Partial breast irradiation with interstitial brachytherapy appears appropriate for women previously considered unsuitable

A long-term retrospective study of breast cancer patients receiving accelerated partial breast irradiation (APBI) via interstitial brachytherapy suggests that women younger than 50 and those with positive lymph nodes could be suitable to receive the treatment.

San Francisco United States — Wednesday, September 17, 2014

Current American Society for Radiation Oncology (ASTRO) guidelines place these patients in the “unsuitable” category for APBI. In presenting an abstract at the 2014 ASTRO meeting, Beaumont Health System’s Peter Y. Chen, MD, FACR, indicated that data from the PROMIS (Pooled Registry of Multi-catheter Interstitial Sites) study shows low local recurrence rates for women in the “unsuitable” group who received interstitial brachytherapy APBI. The presentation was selected as a “Best of ASTRO” abstract.

“In the absence of results from randomized studies on efficacy and outcomes for APBI, current ASTRO guidelines classify patients less than 50-years-old and those with positive lymph nodes as unsuitable”, said Dr. Chen, Professor, Oakland University, William Beaumont Hospital School of Medicine (Royal Oak, Michigan). “However, in terms of disease control, local recurrence rate was 7 percent at 10 years post-therapy for these patients. The results suggest that a broader group of patients than currently described in the ASTRO guidelines are suitable.

The PROMIS registry study, supported by an unrestricted grant from Elekta, represents pooled data from five institutions* with extensive experience in the delivery of interstitial brachytherapy for APBI. The group collected data from 1992 to 2013 (1,374 patients), retrospectively evaluating long-term outcomes of patients treated with interstitial brachytherapy APBI. Dr. Chen’s ASTRO abstract presentation was the fourth for PROMIS in 2014.

APBI is a therapeutic approach that treats only the lumpectomy bed in addition to a 1-2 cm margin, rather than the whole breast. Because of the small volume of irradiation a higher dose can be delivered in a shorter time – twice a day over four or five days, versus external beam radiotherapy, which involves five treatments per week for four to six weeks. Interstitial brachytherapy involves the implantation of multiple thin catheters into the breast, surrounding the tumor site. A high-activity radioactive source is introduced by cables into the catheters. The source then travels sequentially through each cable until the prescribed dose is delivered.

“Among many oncologists worldwide there is a misconception about the ASTRO APBI guidelines. They think the ‘unsuitable’ group was categorized based on poor APBI outcomes,” says Robert Kuske, MD, PROMIS principle investigator and Medical Director of Arizona Breast Cancer Specialists, a division of Arizona Center for Cancer Care. “But, in reality, the criteria were established with data available in 2009. At that time, clinical trial data and long-term experience with clinicopathological features – outside of the traditionally favorable early stage breast cancer patients – were not well-known and established. In our study, women under 50 and those with positive lymph nodes appear to do quite well with APBI.”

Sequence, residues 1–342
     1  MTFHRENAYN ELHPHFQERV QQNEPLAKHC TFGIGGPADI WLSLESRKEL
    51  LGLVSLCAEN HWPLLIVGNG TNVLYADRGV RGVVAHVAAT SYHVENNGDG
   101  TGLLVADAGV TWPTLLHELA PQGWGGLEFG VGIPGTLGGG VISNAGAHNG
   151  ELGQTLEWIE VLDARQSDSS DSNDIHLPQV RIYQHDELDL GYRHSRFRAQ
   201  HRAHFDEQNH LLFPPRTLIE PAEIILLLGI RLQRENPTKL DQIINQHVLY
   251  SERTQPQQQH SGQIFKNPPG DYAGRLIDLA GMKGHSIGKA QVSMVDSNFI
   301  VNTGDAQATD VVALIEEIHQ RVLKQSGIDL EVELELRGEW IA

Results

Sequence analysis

Dr. Kuske sees a great deal of potential in the PROMIS study over the next few years.

“We have a lot of statistical power with this data set,” he says. “This is now one of  the largest and most broad spectrum registries in the history of breast cancer, and with the addition of Southwest Radiation Oncology [Oklahoma City, Oklahoma], we will surpass the numbers of patients in the well-known MammoSite® registry trial. Such a large number of patients allows us to perform subset analyses, enabling us to provide data with better validity on specific aspects of breast cancer. For example, we plan to analyze outcomes of interstitial brachytherapy by genetic profiling, which will be presented at the American Society of Clinical Oncology breast cancer meeting in September.

“We’re going to do many different analyses,” Dr. Kuske adds. “We plan to continue mining this database so that the breast oncology community can benefit from the updated results of the PROMIS group’s efforts.” 

*Arizona Breast Cancer Specialists, Gamma West Cancer Services, UCLA, University of Wisconsin, William Beaumont Hospital


Chen P , Kamrava M, Kuske R et al. Outomes of “unsuitable” patients by ASTRO guidelines treated with Accelerated Partial Breast Irradiation via Interstitial Multi-catheter brachytherapy: A multi-institution collaborative study. International journal of radiation oncology 2014; 90: S1 Abstract 297.



About Elekta

Elekta is a human care company pioneering significant innovations and clinical solutions for treating cancer and brain disorders. The company develops sophisticated, state-of-the-art tools and treatment planning systems for radiation therapy, radiosurgery and brachytherapy, as well as workflow enhancing software systems across the spectrum of cancer care. Stretching the boundaries of science and technology, providing intelligent and resource-efficient solutions that offer confidence to both healthcare providers and patients, Elekta aims to improve, prolong and even save patient lives.

Today, Elekta solutions in oncology and neurosurgery are used in over 6,000 hospitals worldwide. Elekta employs around 3,800 employees globally. The corporate headquarters is located in Stockholm, Sweden, and the company is listed on the Nordic Exchange under the ticker STO:EKTAB. Website: Twitter: @Elekta.

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